Finding the Right Energy Saving Products for Your Home

Energy efficiency in the home starts with a plan. Every home is different, with different needs, histories, and appliances. Energy saving products in one home don’t necessarily have the same results in another, so it’s best to start by identifying where in your home you use the most energy, and tackling those areas first.

Though energy use differs by household, on average our homes use 10,000 kWh/year, although the number varies by region. Heat and cooling combine to eat up about half of all household consumption, but lights, electronics, and appliances make their mark as well. Finding ways to save in one or more areas can lower your monthly bills and your environmental footprint.

Free Energy Evaluations

Your energy utility may offer free energy evaluations for your home or charge a small fee. This is a great way to find drafts, leaks, and holes. You or a professional should also check out flues and dampers in fireplace chimneys, a common way that heat escapes.

Standard energy saving products for heating are insulation, double-paned windows, air filters, and programmable thermostats. These types of products help your home use its heat energy more efficiently, keeping the heat in and the drafts out. Simple, low cost items like air filters, which should be replaced yearly, help keep your home system running smoothly.

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Use a Kill-A-Watt To Measure Power Usage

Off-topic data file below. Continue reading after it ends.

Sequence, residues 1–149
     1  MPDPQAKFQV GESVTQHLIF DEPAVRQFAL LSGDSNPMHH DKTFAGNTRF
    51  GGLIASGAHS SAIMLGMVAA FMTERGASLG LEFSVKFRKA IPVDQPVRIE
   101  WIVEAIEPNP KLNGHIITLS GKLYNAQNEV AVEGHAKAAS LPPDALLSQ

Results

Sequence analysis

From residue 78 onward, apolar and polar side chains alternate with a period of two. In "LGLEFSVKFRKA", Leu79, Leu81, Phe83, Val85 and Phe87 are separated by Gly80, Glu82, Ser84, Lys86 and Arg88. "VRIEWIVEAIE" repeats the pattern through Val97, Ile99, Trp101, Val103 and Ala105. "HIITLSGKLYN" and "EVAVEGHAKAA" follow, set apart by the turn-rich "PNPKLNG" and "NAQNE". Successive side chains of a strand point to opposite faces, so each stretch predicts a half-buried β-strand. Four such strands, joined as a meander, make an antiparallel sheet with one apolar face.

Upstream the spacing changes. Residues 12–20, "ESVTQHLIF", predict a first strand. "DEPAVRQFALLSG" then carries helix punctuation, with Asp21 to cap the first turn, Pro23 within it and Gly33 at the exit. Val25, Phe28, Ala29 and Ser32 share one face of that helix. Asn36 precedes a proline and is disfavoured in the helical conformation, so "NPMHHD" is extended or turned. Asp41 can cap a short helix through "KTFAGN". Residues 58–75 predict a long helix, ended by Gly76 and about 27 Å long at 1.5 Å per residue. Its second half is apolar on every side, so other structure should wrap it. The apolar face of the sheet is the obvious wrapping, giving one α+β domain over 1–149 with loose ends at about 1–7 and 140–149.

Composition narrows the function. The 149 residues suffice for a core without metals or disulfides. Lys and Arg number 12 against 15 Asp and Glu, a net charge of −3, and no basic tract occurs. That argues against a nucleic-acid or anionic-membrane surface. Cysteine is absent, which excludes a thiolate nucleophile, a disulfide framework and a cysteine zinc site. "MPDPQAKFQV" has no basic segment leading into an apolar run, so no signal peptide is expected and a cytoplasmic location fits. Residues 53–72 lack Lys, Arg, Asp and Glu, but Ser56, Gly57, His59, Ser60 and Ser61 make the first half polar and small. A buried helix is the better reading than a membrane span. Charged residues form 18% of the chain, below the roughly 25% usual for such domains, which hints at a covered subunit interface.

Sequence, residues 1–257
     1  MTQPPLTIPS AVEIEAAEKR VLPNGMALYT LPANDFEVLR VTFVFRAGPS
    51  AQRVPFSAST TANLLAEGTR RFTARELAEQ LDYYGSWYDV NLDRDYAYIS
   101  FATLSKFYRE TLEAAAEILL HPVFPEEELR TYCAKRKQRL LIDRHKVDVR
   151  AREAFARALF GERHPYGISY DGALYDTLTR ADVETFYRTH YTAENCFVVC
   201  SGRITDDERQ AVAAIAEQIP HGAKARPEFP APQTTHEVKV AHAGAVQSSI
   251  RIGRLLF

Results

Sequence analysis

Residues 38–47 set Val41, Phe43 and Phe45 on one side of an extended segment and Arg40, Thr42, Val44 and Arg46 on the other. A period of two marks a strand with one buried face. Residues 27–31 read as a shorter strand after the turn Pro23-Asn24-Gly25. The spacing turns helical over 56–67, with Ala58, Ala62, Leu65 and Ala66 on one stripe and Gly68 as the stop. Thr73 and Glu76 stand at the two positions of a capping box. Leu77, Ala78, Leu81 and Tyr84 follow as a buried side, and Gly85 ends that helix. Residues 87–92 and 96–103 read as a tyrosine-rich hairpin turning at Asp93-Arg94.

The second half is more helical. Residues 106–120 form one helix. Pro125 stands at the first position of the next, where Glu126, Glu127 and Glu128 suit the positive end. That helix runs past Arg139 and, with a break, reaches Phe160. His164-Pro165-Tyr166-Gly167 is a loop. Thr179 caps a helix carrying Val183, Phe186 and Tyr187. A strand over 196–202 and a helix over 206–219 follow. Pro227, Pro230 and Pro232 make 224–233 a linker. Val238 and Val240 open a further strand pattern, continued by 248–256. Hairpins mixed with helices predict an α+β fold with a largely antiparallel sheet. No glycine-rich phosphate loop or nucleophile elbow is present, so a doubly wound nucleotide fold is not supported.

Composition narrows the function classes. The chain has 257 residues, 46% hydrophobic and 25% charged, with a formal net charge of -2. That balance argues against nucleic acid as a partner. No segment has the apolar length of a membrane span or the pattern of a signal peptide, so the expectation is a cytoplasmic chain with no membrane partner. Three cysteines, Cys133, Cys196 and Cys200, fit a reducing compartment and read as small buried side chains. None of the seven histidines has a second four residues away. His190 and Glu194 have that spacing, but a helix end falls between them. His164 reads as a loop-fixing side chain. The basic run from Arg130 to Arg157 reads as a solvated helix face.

To measure the amount of electricity your appliances and electronics use in your home, the Kill A Watt is a handy gadget. You plug it in to the wall, then plug your electronic device into the gadget, and it measures the energy use of the device over a period of time. The Kill A Watt helps identify the largest energy users in your home, which should be the first targets in improving efficiency.

If you don’t want to invest in a Kill a Watt or other electronic measuring device, there are websites that list average or model-based energy use of electronics and appliances, such as EnergySavers.com. Based on your devices and how you use them, you can estimate your energy use and where you can make improvements.

When you’ve made your energy audit and decided which appliances and electronics to switch out, a little research on these items can help you interpret the efficiency claims of different brands. Most appliances come with an Energy Guide label estimating the amount of energy consumption of the product and similar products, but for electronics you’re on your own.

Energystar Appliances

Energystar, an EPA program, certifies appliances and electronics that are more efficient or use less energy than standard models. Certain models have rebate incentives, so even though their prices can be higher, the rebate can be up to half the cost of the appliance. There are also specific tax incentives for individuals who invest in energy efficient products.

Low Energy Lighting

Low Energy lighting is the final area of energy consumption that can lead to high energy savings. Products such as solar outdoor lights, LED lights, CFL bulbs, and motion sensors all have the potential to lower your energy use. These types of products are in addition to the savings you can realize by keeping lights turned off whenever possible.

There are many options and certifiers these days to help households reduce energy consumption. The best energy saving products are those that target your specific household consumption, and that reduce the most energy use. Knowing how you use energy and where to find reliable information about the various products available will assure your success in saving money by reducing your energy footprint.

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Gain knowledge of verified no cost and easy to implement procedures about how to save electricity. Lower your power bill plus do your part to save the planet at the same time.

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